The name of Jim Gaffigan’s book on parenting comes from one of his two sons. The author is presumably Jack, the oldest, since Michael would have been little older than one at the time of Gaffigan’s writing. It’s hard to keep track of them all, since Gaffigan has five kids, a fact that surprises and challenges him, and also makes him very sleepy. And if it seems difficult to keep track of them in a book, imagine keeping track of them on the way to the park, walking or riding the subway, or even within a New York City apartment. That’s Gaffigan’s life as a father and the experience he chronicles in Dad Is Fat.
There’s a predictable craziness to Gaffigan’s story. The idea of a comedian who, in his act, professes his love of sleep and hate for books writes a book essentially about giving himself five full-time jobs could be a sitcom plot. He’s the stereotypical dad who doesn’t quite know what’s going on, who defers to his wife, whose children are smarter than he is, who is utterly at odds with the concept of parenting. But that would be an unrecognizable stereotype to Gaffigan. He looks around and sees parents who know what they’re doing, who are—in his estimation—smarter, more patient, and more capable.
Examine Gaffigan’s stage act. He plays up the dumb, lazy guy image for laughs. Dumb, lazy comics don’t write the quality of material Gaffigan does, and they don’t tour and produce specials and CDs like he does. They also don’t take five kids on a tour bus, and neither does a stereotypically aloof parent. Gaffigan may feel overwhelmed, but part of his message is that all parents feel similarly. And every once in a while, when he watches some of those other “perfect” parents, he sees them lose it and scream at their kids, and it makes him feel a little better.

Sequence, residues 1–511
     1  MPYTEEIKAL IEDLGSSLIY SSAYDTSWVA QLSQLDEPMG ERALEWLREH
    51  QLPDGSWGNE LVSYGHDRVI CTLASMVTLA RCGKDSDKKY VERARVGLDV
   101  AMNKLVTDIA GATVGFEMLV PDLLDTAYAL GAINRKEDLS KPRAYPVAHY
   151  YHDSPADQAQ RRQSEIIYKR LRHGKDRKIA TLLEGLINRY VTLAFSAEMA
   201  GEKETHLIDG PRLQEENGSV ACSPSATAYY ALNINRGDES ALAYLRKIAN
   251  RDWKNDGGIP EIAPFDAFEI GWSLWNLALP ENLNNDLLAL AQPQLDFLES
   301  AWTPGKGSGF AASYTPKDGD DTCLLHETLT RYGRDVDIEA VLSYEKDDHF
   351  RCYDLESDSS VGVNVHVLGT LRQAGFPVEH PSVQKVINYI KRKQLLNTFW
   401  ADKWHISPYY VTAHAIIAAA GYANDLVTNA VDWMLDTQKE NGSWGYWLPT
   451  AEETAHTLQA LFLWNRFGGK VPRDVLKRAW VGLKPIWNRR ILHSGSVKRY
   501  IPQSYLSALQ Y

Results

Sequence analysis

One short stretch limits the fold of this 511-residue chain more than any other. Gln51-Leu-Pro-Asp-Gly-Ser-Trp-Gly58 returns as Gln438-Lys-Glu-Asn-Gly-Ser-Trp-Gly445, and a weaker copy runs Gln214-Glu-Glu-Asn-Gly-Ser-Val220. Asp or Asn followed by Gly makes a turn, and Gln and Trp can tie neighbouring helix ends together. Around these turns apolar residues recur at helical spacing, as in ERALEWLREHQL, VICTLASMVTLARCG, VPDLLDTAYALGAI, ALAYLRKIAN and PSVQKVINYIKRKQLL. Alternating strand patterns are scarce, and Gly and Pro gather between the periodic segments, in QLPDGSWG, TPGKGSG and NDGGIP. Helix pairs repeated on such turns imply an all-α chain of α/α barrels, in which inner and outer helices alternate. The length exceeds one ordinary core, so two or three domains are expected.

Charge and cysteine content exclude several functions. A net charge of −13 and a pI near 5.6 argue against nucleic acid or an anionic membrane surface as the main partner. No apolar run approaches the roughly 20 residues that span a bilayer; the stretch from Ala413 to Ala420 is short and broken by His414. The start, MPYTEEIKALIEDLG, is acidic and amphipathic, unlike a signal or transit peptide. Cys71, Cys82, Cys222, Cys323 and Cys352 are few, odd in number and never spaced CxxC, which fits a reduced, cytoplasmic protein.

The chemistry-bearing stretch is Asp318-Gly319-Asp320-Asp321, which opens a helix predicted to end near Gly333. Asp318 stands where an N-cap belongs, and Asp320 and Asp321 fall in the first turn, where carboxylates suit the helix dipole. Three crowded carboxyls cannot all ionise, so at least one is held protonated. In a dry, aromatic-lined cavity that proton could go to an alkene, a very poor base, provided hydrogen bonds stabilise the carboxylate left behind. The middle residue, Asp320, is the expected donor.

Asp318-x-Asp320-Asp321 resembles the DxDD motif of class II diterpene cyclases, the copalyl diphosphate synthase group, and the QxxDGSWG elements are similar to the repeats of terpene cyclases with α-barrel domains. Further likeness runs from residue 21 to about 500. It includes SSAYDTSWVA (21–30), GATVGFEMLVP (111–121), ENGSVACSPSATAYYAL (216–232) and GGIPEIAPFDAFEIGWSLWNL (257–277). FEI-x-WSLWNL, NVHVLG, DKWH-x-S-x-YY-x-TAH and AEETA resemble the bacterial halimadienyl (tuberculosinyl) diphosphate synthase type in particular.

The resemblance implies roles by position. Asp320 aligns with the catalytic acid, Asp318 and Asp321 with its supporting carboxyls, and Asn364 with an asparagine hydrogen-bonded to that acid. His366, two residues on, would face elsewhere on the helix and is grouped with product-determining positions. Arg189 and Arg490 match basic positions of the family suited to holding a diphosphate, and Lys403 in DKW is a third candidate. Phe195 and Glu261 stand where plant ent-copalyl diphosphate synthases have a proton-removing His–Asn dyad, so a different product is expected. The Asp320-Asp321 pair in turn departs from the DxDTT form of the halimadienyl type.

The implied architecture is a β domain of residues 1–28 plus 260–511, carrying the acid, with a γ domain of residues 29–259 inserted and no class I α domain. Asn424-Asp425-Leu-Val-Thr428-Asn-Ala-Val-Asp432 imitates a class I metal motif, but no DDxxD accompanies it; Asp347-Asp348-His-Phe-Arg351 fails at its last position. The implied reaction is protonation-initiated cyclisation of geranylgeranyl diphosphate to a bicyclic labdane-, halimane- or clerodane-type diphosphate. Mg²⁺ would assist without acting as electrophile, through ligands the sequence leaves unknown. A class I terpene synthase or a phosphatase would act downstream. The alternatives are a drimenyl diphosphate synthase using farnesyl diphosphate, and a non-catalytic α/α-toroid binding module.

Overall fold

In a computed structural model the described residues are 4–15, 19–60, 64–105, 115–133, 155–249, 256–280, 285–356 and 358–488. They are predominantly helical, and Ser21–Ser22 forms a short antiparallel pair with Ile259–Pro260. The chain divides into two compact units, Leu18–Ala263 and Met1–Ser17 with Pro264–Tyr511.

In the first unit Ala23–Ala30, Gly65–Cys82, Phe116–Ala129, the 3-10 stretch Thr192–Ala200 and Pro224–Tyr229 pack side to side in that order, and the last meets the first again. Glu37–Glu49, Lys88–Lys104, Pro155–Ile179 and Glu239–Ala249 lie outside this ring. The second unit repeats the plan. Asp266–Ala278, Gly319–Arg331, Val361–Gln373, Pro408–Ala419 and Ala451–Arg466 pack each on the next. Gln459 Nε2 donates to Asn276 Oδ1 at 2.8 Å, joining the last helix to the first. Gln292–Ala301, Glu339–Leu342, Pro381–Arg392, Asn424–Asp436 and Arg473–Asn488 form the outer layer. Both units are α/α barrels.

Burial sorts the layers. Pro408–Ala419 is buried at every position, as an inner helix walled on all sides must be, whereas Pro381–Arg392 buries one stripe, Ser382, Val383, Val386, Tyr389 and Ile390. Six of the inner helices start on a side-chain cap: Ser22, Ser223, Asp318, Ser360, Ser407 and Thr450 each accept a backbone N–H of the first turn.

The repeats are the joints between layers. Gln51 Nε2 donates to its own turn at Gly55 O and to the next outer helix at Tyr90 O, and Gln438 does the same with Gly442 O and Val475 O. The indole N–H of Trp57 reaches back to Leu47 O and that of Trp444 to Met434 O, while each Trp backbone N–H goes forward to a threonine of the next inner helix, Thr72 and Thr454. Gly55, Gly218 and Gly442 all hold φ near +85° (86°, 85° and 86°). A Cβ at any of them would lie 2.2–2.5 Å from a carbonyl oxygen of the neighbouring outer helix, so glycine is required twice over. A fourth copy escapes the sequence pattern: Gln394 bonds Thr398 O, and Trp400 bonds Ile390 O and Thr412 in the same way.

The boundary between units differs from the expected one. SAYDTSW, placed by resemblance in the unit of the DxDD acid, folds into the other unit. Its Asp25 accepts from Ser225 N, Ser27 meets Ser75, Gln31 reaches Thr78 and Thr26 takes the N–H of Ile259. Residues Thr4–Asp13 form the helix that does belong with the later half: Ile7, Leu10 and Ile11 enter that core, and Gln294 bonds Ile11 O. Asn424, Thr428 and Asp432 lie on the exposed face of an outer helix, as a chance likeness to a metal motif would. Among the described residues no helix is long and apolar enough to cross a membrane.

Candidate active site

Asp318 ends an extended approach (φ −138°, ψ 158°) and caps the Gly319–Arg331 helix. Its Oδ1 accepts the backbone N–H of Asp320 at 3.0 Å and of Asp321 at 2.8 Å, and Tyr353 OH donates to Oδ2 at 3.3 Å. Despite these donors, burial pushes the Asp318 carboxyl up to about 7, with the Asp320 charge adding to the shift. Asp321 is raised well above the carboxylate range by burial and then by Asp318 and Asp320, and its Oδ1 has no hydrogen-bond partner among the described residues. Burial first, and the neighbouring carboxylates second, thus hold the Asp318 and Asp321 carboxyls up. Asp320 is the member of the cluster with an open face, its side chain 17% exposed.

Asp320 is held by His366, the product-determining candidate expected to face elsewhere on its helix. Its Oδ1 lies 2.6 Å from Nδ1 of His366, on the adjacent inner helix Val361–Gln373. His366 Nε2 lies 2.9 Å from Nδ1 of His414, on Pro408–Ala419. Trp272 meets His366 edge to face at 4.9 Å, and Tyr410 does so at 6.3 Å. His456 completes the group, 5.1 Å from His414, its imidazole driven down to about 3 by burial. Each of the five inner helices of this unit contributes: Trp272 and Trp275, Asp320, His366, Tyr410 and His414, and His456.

Fat reveals the seams between Gaffigan’s comic persona and his true personality. There’s plenty of material adapted from his act, including much from 2012 special Mr. Universe (“Disney,” “McDonald’s,” “Hotel Pools,” “Shoes,” “Photos,” and it was only “4 Kids” at the time). There’s the aforementioned bewildered dad. And there’s a bevy of bad puns. But there’s also the guy who wouldn’t trade anything for one of his kids’ smiles, and the guy who fawns over his wife even though she feeds them organic junk food.
Gaffigan even gets close to wistful in the final chapter, a fine balance of the battling real Jim and comic Jim, when discussing the phrase “You’re going to miss this.” He understands that the phrase is really “a confession from these parents with older children that may not have taken enough time to appreciate the chaos.” There’s insight and compassion in that observation, and a tacit acknowledgment that however much he might protest, he enjoys the chaos, even if he can’t help but throw in a punchline.